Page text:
Next Wednesday Sr. Wantabee is going to speak at chapel at the Homes, for the little old people, trapped by wheel chairs. Sigh. It will be the Wednesday before Pentecost and so she thought she would do a lead in to Sunday’s service. Pentecost celebrates the coming of the “promised” Holy Spirit recorded in Acts 2, but actually promised back in Ezekiel and Joel and in John by Jesus after the Last Supper. Promises bring a taste of bitter joy to Sr. Wantabee’s mouth as she thought about all the broken promises. But the church celebrates Pentecost as the fulfillment of a promise. That conveniently sidesteps the need to explain the Trinity which probably is of no interest to the elderly whereas the assistance and continual presence of the Holy Spirit probably is a great comfort — perhaps that is why the Holy Spirit is called “The Comforter.” But going back to “promises,” how are the promises of God different from the promises made by people?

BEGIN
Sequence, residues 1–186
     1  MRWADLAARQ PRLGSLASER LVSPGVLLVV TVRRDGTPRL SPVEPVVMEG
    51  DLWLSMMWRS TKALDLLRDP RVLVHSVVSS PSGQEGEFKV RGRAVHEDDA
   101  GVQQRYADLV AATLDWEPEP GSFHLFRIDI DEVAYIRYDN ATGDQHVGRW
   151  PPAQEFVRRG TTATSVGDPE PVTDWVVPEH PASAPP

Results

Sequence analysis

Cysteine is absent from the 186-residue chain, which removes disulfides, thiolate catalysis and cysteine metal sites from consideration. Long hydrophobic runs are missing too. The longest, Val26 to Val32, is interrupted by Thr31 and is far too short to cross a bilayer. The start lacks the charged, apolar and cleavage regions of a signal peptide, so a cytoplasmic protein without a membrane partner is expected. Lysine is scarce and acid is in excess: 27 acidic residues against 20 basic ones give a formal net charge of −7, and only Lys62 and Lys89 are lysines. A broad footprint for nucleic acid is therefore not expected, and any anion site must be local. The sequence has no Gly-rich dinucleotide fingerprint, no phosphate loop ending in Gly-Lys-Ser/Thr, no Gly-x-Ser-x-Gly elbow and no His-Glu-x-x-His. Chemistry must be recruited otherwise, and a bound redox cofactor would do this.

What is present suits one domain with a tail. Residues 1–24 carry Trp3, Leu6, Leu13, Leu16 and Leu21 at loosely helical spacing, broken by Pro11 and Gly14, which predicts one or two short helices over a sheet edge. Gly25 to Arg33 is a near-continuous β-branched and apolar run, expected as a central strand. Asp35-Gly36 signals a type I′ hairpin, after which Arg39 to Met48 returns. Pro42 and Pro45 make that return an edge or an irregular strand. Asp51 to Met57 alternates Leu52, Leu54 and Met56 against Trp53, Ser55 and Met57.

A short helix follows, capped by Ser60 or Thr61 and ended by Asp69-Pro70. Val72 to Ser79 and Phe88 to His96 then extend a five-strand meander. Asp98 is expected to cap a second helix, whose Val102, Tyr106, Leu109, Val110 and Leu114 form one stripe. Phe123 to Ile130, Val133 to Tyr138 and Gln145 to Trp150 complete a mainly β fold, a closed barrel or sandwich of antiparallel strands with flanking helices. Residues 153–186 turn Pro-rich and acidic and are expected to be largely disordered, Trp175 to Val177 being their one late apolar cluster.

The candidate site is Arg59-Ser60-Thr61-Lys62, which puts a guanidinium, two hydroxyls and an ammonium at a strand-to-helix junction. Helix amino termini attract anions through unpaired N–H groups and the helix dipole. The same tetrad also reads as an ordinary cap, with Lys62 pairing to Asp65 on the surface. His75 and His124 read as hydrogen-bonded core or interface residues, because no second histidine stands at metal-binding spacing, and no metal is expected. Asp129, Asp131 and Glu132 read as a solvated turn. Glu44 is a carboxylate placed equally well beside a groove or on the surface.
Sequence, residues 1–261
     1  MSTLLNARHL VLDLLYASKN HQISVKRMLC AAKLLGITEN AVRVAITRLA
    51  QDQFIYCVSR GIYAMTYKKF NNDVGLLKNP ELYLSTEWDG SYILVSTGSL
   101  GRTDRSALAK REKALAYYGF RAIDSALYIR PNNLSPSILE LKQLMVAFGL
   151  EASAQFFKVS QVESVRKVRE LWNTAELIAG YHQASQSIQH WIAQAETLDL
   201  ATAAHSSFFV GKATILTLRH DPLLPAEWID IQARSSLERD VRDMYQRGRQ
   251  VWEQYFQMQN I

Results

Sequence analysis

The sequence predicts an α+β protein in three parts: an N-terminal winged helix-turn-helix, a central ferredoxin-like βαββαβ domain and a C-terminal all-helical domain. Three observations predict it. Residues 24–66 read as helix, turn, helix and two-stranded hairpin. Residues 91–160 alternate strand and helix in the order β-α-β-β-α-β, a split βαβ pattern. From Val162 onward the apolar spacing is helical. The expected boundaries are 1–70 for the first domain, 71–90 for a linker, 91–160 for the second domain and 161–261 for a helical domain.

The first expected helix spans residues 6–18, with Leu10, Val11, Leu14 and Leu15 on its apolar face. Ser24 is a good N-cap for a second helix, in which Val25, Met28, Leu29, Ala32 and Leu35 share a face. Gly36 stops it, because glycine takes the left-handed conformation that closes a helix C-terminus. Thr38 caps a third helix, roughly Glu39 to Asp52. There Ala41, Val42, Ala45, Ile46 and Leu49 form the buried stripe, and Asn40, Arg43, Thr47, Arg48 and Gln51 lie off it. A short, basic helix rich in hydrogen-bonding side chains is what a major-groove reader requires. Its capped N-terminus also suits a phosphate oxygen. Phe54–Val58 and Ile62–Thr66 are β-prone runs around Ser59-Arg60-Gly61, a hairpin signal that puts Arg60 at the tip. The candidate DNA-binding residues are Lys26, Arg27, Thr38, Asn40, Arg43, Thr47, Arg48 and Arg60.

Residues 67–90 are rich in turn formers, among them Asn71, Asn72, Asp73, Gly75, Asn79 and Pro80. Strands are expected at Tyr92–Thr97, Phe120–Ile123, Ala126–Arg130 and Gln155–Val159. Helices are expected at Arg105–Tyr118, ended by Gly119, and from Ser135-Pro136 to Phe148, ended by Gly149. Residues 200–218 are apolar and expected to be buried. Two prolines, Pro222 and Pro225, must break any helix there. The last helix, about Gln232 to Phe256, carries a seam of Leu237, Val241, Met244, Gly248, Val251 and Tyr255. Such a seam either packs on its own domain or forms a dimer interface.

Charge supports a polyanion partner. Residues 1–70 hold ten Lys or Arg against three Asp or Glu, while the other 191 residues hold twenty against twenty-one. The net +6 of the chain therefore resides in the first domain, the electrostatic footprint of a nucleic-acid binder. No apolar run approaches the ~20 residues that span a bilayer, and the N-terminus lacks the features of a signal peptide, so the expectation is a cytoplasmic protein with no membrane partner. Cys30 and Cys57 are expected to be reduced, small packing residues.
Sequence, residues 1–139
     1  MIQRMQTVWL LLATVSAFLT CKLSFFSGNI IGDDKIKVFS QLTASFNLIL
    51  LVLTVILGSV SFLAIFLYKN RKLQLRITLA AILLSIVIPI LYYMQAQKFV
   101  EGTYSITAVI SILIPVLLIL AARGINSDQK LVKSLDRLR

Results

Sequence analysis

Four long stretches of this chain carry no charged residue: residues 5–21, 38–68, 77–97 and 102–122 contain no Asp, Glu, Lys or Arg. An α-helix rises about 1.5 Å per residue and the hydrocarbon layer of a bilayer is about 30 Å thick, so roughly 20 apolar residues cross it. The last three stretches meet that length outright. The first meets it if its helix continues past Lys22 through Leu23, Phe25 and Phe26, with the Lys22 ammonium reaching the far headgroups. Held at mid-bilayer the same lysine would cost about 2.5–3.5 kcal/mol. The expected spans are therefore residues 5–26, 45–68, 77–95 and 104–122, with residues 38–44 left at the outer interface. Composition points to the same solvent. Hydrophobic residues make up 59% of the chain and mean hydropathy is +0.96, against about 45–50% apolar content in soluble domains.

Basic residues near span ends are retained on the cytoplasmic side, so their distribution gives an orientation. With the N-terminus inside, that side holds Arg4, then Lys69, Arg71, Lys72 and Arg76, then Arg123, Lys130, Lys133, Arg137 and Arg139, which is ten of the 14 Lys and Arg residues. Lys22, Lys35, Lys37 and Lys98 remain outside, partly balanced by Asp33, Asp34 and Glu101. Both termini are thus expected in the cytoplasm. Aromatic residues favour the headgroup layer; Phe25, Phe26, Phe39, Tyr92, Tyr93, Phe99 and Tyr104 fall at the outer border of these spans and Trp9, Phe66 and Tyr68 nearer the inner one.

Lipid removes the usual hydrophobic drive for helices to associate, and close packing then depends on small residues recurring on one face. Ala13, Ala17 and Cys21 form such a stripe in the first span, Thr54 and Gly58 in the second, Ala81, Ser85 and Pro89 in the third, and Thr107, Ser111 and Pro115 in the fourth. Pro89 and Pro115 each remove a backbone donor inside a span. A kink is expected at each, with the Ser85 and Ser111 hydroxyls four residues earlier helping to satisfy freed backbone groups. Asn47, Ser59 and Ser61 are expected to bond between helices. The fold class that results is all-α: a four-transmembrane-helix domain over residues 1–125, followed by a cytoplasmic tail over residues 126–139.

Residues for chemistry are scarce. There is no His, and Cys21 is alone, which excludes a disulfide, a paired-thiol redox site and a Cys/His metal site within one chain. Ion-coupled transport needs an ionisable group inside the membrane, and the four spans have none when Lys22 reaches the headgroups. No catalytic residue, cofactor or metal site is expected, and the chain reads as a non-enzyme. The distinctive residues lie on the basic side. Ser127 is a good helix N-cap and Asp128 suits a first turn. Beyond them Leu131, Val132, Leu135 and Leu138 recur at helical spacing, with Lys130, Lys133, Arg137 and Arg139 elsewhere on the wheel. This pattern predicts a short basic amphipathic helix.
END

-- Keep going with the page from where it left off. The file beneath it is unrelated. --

Sr. Wantabee thought back to young childhood and how we used to chant, “cross my heart and hope to die, stick a needle in my eye.” We were swearing by our heart and our eyes that what we said was true. How many of us lied knowing we would never be required to “stick a needle in our eye?” Then there was the heroic cut of the finger and exchange of blood with an equally heroic friend that symbolized that we would be friends forever. What was that friend’s name? Hmmmm. Life moved on.

Sr. Wantabee thought of her trip to the States, driving from Los Angeles to New York and how her 10th grade son stuck a tape in the car deck as they drove out of LA and into the desert, “I Swear” by the moon and the stars in the sky….I’ll be there. That was the song for his girlfriend. Perhaps if eyes and blood were not constant enough to remind us of a promise, the stars in the sky would be. Did he marry her, you ask. No. Then she remembered the beloved Christmas movie, “What a Wonderful Life” where the uncle wrapped a string around his finger to remind him of…what??? and the money was lost, and a wonderful angel got his wings. Darling.